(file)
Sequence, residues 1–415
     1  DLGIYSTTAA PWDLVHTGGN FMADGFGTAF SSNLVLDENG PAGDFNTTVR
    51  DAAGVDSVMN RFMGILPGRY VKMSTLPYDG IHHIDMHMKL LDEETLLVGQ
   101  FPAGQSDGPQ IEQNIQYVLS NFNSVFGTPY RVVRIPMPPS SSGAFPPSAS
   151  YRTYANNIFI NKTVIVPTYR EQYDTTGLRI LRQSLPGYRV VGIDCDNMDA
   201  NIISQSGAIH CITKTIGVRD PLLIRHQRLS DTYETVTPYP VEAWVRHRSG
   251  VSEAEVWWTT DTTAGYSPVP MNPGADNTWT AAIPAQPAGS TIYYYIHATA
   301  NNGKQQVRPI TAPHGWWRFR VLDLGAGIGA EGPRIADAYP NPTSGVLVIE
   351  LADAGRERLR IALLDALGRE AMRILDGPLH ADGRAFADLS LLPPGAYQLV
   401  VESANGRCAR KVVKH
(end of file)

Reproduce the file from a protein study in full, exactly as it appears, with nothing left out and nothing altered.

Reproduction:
Sequence, residues 1–415
     1  DLGIYSTTAA PWDLVHTGGN FMADGFGTAF SSNLVLDENG PAGDFNTTVR
    51  DAAGVDSVMN RFMGILPGRY VKMSTLPYDG IHHIDMHMKL LDEETLLVGQ
   101  FPAGQSDGPQ IEQNIQYVLS NFNSVFGTPY RVVRIPMPPS SSGAFPPSAS
   151  YRTYANNIFI NKTVIVPTYR EQYDTTGLRI LRQSLPGYRV VGIDCDNMDA
   201  NIISQSGAIH CITKTIGVRD PLLIRHQRLS DTYETVTPYP VEAWVRHRSG
   251  VSEAEVWWTT DTTAGYSPVP MNPGADNTWT AAIPAQPAGS TIYYYIHATA
   301  NNGKQQVRPI TAPHGWWRFR VLDLGAGIGA EGPRIADAYP NPTSGVLVIE
   351  LADAGRERLR IALLDALGRE AMRILDGPLH ADGRAFADLS LLPPGAYQLV
   401  VESANGRCAR KVVKH